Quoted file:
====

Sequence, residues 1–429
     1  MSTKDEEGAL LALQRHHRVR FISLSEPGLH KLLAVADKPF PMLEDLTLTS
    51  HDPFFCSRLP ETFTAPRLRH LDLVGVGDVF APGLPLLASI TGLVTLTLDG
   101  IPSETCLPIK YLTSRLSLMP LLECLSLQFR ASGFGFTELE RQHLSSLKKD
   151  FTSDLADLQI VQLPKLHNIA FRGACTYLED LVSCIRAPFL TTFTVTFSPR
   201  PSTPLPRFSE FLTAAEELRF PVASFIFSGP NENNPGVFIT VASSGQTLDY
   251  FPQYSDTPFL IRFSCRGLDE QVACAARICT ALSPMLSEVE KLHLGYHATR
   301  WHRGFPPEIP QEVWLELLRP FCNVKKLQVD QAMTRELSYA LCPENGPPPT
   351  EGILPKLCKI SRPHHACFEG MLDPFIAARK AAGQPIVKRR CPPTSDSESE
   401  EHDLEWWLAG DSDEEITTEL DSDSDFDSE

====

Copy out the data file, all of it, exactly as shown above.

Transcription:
Sequence, residues 1–429
     1  MSTKDEEGAL LALQRHHRVR FISLSEPGLH KLLAVADKPF PMLEDLTLTS
    51  HDPFFCSRLP ETFTAPRLRH LDLVGVGDVF APGLPLLASI TGLVTLTLDG
   101  IPSETCLPIK YLTSRLSLMP LLECLSLQFR ASGFGFTELE RQHLSSLKKD
   151  FTSDLADLQI VQLPKLHNIA FRGACTYLED LVSCIRAPFL TTFTVTFSPR
   201  PSTPLPRFSE FLTAAEELRF PVASFIFSGP NENNPGVFIT VASSGQTLDY
   251  FPQYSDTPFL IRFSCRGLDE QVACAARICT ALSPMLSEVE KLHLGYHATR
   301  WHRGFPPEIP QEVWLELLRP FCNVKKLQVD QAMTRELSYA LCPENGPPPT
   351  EGILPKLCKI SRPHHACFEG MLDPFIAARK AAGQPIVKRR CPPTSDSESE
   401  EHDLEWWLAG DSDEEITTEL DSDSDFDSE